Carpometacarpal subchondral cysts due to repetitive movements in shoemaker: A case report
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Department of Public Health and Neuroscience, University of Pavia, Pavia, Italy
Salvatore Maugeri Foundation, Pavia, Italy
Occupational Medicine Unit, Department of Public Health and Neuroscience, Salvatore Maugeri Foundation, Work and Rehabilitation, IRCCS, Scientific Institute of Pavia, University of Pavia, Via Maugeri, 10, 27100, Pavia, Italy
Int J Occup Med Environ Health. 2011;24(4):414-7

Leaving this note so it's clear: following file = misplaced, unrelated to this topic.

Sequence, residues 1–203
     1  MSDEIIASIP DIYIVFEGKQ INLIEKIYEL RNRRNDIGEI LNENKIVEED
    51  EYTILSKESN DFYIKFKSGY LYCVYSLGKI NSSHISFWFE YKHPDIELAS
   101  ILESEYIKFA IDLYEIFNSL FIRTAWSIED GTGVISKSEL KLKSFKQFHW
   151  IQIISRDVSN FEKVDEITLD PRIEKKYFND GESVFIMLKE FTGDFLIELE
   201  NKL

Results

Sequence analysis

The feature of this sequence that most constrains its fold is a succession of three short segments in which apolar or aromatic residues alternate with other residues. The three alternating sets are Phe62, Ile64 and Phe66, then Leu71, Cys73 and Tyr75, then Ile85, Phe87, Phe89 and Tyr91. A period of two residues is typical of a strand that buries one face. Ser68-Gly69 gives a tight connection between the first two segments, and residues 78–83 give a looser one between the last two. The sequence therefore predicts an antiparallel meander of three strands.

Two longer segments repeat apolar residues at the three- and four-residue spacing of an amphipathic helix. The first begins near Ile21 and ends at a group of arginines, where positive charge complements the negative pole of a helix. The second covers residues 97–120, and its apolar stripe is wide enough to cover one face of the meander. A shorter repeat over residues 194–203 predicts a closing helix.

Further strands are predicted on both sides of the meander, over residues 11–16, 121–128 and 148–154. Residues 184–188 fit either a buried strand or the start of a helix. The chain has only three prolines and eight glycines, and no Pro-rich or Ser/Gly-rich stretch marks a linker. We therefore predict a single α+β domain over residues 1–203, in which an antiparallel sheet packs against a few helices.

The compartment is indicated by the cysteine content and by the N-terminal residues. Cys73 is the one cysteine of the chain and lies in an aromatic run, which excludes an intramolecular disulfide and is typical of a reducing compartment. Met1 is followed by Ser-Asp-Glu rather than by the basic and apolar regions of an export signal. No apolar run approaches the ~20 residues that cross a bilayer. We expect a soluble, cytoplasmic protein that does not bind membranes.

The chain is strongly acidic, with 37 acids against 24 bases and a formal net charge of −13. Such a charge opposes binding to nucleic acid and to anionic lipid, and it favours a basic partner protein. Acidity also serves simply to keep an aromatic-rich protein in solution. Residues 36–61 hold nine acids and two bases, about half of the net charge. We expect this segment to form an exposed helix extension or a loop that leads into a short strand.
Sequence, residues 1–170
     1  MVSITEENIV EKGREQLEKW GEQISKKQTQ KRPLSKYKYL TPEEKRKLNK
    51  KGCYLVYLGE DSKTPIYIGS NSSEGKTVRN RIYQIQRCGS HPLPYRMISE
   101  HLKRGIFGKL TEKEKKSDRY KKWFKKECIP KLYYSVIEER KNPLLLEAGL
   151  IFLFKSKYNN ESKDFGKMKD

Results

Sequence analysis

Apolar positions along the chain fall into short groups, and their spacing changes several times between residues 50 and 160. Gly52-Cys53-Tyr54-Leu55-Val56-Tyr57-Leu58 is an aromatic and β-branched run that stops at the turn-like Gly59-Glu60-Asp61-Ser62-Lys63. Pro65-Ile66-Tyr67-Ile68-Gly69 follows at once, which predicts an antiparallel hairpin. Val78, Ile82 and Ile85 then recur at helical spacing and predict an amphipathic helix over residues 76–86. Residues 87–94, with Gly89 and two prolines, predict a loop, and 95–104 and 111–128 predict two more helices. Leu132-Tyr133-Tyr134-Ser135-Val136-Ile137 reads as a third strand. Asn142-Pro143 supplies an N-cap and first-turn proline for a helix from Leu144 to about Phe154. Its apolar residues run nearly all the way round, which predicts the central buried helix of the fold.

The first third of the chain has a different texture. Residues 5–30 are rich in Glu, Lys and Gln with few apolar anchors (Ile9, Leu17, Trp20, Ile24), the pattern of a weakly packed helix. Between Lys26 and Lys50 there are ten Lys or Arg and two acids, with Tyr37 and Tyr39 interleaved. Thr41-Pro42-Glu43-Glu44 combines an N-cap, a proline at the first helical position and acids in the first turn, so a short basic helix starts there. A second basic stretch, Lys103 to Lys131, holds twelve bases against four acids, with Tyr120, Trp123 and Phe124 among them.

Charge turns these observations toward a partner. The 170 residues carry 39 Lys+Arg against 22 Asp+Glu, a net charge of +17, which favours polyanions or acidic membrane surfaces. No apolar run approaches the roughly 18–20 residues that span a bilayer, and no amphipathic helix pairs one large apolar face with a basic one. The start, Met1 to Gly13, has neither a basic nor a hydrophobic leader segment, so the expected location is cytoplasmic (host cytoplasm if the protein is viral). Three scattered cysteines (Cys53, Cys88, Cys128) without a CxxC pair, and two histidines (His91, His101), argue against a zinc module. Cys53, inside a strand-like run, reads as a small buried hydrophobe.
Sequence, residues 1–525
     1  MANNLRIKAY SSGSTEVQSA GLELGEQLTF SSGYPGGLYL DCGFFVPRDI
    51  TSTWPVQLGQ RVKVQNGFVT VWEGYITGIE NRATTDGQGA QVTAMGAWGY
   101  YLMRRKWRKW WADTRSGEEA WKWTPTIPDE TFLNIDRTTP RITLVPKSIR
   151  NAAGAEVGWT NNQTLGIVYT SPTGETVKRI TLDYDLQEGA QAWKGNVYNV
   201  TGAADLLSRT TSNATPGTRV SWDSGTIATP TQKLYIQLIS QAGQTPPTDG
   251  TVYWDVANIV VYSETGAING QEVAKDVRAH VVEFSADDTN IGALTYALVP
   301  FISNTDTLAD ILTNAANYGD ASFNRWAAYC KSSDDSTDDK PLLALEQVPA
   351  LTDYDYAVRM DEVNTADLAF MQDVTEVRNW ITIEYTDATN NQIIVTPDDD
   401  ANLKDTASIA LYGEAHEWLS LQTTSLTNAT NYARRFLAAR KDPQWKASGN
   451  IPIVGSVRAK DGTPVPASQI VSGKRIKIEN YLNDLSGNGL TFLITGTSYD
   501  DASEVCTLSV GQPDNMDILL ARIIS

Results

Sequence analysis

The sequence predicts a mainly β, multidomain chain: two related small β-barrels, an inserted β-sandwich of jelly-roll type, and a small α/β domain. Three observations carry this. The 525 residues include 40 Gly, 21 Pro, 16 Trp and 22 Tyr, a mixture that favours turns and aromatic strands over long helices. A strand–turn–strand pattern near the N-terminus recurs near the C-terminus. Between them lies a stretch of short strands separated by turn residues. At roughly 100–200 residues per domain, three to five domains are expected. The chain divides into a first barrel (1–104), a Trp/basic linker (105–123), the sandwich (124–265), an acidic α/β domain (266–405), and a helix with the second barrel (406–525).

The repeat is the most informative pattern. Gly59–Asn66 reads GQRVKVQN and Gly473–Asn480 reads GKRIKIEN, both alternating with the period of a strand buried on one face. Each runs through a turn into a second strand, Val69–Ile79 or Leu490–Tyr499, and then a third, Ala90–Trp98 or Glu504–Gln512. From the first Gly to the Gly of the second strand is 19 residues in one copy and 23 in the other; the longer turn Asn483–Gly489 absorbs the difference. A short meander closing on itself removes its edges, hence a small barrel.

Objectives: Subchondral carpometacarpal cysts are classic and almost pathognomonic lesions found in workers using vibrating instruments over prolonged periods of time. Materials and Methods: We present the case of a 53-year-old woman who worked for 30 years sewing shoe uppers, a task which required grasping fi rmly a pear-shaped handle awl and pushing it through the leather upper and the sole of the shoe, with combined fl exion and supination movement of the wrist. After approximately 20 years of working, the patient noted gradual onset of paresthesias in the dominant (right) hand, with increasing diffi culty in grasping the awl. Subsequent diagnosis of carpal tunnel syndrome was confi rmed by electrophysiologic testing and its surgical release was performed. Nevertheless, hand pain, paresthesias and weakness persisted. Results: Ultrasound of the snuffbox tendons excluded DeQuervain tenosynovitis. Radiographic imaging of the symptomatic hand showed carpometacarpal subchondral cystic formations. Conclusions: In addition to demonstrating the usefulness of radiographic imaging in patients with persistent hand pain post-carpal release, this case is important in illustrating that repetitive movements with high pressure over the palmar carpal area may cause bone cysts, even if the subjects do not use vibrating tools.
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